Michael Taylor began his career at home imitating songs from the radio and television as a child. He left his first public impressions of his unique vocal quality in church choirs and when his high school did not offer a choir, he sought out neighbourhood sound systems in his community of Ackee Walk. His talent developed in his teens as he could be found at any dance in the Kingston 19 area asking for his turn on the microphone. Opportunities came for him to sing on the infamous Virgo and Killamanjaro Sounds and his first single “Roots Mi Roots,” recorded at 16 years of age for sound system owner Ruddy Silence, soon followed. Much more was yet to come for this rising star.

Returning to Britain in search of employment opportunities, Mikey’s celebrity continued to develop. He became a favorite of Peckham, Brixton, and South London dancehall fans singing on top sounds like Coxsone International and Saxon. The latter gave him a taste of the road, touring Europe in 1984 along with Smiley Culture, Papa Levi, and Maxi Priest. In 1985, the Earl Minnot produced “Do You Want to be Starting Something” (a Michael Jackson cover) and the Levi Roots produced single “Babymother” earned Mikey his first chart positions in the prominent Echoes music chart. The year continued with great success as the DubVendor produced “Dancehall Vibes” hit Number One on the trend-setting New Musical Express chart and Number Two on the Echoes chart. Accolades continued as Echoes’ readers awarded Mikey “Newcomer of the Year.” More reggae chart hits followed with “Kuff’ n Dem,” “Parring P,” and the “Sound Boy Burial” LP.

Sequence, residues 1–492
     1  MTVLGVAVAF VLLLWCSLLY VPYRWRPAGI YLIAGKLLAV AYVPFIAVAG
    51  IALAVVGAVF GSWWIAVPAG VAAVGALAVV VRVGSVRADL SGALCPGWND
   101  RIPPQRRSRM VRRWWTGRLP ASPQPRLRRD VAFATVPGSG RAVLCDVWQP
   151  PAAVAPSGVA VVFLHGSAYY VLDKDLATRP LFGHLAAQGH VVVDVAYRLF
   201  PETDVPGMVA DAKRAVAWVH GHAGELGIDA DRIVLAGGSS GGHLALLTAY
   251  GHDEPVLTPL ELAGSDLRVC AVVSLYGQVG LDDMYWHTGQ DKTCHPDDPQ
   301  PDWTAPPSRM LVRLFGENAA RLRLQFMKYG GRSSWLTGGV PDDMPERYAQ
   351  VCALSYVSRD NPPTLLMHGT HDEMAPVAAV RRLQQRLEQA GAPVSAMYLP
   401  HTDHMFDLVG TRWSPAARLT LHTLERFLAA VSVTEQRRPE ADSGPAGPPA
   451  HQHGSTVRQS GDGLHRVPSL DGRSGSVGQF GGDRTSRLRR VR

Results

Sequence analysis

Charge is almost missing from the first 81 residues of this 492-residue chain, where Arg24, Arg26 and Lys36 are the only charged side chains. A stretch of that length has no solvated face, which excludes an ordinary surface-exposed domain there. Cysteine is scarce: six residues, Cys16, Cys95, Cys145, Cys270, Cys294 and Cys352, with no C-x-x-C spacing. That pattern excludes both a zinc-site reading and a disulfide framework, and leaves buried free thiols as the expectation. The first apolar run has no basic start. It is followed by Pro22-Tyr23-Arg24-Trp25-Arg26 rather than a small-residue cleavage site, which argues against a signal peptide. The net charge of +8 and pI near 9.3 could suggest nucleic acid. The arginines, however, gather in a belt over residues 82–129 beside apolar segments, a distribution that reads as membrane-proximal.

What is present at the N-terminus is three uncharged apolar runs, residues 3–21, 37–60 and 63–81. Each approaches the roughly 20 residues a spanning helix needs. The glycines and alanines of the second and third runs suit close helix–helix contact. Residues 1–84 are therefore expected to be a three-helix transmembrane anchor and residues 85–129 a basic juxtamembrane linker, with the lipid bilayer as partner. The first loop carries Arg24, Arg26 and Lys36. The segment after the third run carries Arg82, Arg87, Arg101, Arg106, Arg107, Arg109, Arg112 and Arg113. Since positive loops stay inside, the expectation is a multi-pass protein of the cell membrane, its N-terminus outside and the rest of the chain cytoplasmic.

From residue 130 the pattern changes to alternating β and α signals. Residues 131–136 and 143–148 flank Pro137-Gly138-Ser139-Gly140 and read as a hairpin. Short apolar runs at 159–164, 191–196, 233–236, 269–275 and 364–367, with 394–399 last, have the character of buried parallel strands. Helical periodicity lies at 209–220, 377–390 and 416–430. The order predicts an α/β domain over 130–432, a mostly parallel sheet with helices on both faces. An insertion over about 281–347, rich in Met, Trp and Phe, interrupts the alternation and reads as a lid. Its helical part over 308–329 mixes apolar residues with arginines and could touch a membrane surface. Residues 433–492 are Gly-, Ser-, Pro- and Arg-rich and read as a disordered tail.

He continued the Eighties touring in Germany, Italy, and Holland and recording with Jamaican producer Fatis Burrell, beginning the new decade playing himself in a film whose theme was his recording “We The Raggamuffins.” After ten years in London, Mikey felt the Spirit of Jah calling him back to Jamaica where a more intense musical journey was yet to commence.

Simultaneously, another young lion, Luciano, was following his own musical destiny and as two singers on the studio circuit, it was inevitable that they would meet. Mikey comments on that meeting at Castro Brown’s New Name Studio, “I noticed the Godliness in his movements.” In 1993, the two friends became mainstays in Fatis Burrell’s Exterminator Crew which toured America and Europe “exterminating slackness in reggae music.”